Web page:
It’s over six years now since my wife Caroline and I first travelled to Tanzania. We quickly made friends with two highly respected men of great integrity and under their guidance we started the charitable activities which we now call, ‘Mtwaralinks’. I wrote about our first actions at the time. This extract describes some of the work we did to try and kickstart micro businesses.
Saturday, 23 February 2013 - The spirit of enterprise
Under the shade of the canopied mango tree, on the hard brown dirt, sits the bicycle fundi, Yusuph Lukanga. He repairs bicycles and shoes. He squats on a wooden stool, with his withered legs, almost certainly a result of polio earlier in his life, folded beneath him. He moves around town in a huge, iron hand-cranked tricycle, with a small wooden box strapped to the back in which he keeps a tidy array of tools. He is a charismatic man, unshaven with a round head, and deep, black skin that glows. His teeth are all the whiter though he rarely smiles. He views me quizzically, perhaps suspiciously, as I take my place on the wooden bench that serves as a pew on which we wait our turn. His apprentices and acolytes are younger men, chatting too loudly sometimes, ever conscious of his ministrations. Two of the group depart briefly to return with a large aluminium plate of stiff porridge and spinach which they lay by his side, while one brings a jug of water with which to wash Mr Lukanga’s hands.
In broken English and Kiswahili, he asks if I have brought him the welding machine he wants, "Bado," I reply. (Not yet). He shrugs as if he had anticipated this and I try to distract him with talk of the wheel which I need him to mend. It is quite badly buckled and as he spins it nonchalantly in his calloused hands, he quotes a figure which is far too high. We barter. He doesn't smile, but we agree on a price about the equivalent of the cold beer I'll sip at the ocean later that day. Before he starts work on my wheel, he lets one of the young men wash his hands and slowly he rolls the porridge into small gobbets and having dipped it in the fiery sauce, pops it in his mouth, watching me all the while, as I exchange greetings with the numerous bystanders who love to be seen with the mzungu.
It would seem that there is a crying need for money and training for many prospective self-employed craftsmen, shopkeepers, and salespeople. Maibras, the respected Chairman of the local Ward committee, tells me that the banks are hopeless at meeting this demand. The process is slow, bureaucratic and at times corrupt. Many people have little faith in it and prefer instead to go to family and friends. Someone suggested to me the other day that for many Africans, their ambitions and capacity to plan for the future are blighted by the uncertainty of future government policies and by the demands from family for a share in their fortune. If it is likely that you will lose or at best have to share your wealth, then perhaps, it's less attractive to work so hard to acquire it. I'm not sure though. It seems that there is something in some people which drives them to make money; which drives them to work hard and look for every opening. Some have that drive - some don't.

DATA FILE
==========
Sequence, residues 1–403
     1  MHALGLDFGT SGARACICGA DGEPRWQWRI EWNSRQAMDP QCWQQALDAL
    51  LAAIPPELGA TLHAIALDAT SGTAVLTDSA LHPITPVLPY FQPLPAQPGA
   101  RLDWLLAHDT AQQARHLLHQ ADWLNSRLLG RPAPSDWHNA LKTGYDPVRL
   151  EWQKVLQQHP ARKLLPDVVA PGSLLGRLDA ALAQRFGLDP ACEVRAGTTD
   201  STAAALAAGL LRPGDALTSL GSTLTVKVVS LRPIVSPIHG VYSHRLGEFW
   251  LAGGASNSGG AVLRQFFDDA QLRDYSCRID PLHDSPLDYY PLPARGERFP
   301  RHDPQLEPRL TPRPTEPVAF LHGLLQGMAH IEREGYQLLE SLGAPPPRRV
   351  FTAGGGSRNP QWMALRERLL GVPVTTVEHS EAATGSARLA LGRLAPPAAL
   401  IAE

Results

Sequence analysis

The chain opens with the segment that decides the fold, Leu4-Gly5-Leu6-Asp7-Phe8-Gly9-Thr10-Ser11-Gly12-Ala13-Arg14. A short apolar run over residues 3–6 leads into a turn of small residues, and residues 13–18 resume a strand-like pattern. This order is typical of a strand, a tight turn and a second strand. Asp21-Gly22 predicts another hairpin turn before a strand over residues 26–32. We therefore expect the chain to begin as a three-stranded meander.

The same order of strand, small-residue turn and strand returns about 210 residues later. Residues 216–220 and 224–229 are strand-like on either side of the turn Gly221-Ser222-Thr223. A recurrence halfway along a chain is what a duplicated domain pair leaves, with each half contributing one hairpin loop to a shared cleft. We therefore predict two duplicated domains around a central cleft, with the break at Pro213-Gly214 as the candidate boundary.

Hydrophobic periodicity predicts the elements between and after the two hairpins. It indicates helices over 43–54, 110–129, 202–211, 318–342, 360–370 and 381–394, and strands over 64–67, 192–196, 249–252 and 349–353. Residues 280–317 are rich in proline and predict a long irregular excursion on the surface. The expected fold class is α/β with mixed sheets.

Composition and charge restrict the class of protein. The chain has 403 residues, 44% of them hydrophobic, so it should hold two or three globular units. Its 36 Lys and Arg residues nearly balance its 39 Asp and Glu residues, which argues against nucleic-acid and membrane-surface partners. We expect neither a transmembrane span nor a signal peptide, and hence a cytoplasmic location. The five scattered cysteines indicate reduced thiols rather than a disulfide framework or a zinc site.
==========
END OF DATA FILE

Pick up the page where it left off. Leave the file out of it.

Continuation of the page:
Maibras and I went to see Mama Zuhura last week. She is a large woman wrapped in a kanga and a colourful scarf round her head. She lives in a collection of small rooms round a dirty yard where children are playing with some plastic lids. The cleanest room, empty of everything save a large fridge, has a small window cut into one wall. The win- dow is framed with a steel grill into which is cut an opening, the size of a large plate. From this room, with the help of this large gleaming fridge, Mama Zuhura serves mut- ton soup to the workers from the small industrial estate close by.
Last week I visited Emmanuel in his stationery shop. It's half a container with a cable providing power to two old computers. Emmanuel is a slight man with a neatly trimmed moustache. His wife works for the council in the neighbouring town, so they can afford the rent on the container and their house. They have one small child. He shows me the broken copier which he hopes to replace.
“With the new printer-copier I can buy from Dar, I can charge only two hundred shillings per page and compete with the others,” he boasts. Tanzania’s bureaucracy means that everyone needs a copy of every official document and there are dozens of documents covering every aspect of everyday life. In the short-term there will be a heavy demand for copying and office services.
I sat and watched my buckled wheel take shape. This man had never claimed an expense account in his life and no-one was about to offer him a pension. His thick powerful fingers had been working like this for years and if illness doesn’t take him he’ll do it for years to come.
“So you didn’t bring me a welding machine from England,” said Yusuph. “If I had one, I could build many more tri-cycles like this one.”
Maibras and I have a scheme that will lend him the money for the welding machine and see him repay the loan within the year.
“Is there a large demand for such machines?” I asked.
“Yes," he grinned. "There’s lots of work for welding machines if you look for it, especially these," handling his great iron beast of a tricycle. And with that he span my new wheel with his thumb, cast an expert eye down the rim to check it was true and without a second glance handed it to one of his young assistants.
"It's ready," he said over his shoulder. He didn't look at me, just returned to the small child's shoe and picked up his six-inch steel needle.
"Give the white man his bicycle."
The scene describes the work we started in Mtwara arranging microloans for prospective businesses, using money donated by supporters of Mtwaralinks. Such micro- financing has been shown to be highly effective at reducing waste, avoiding corruption and tackling poverty.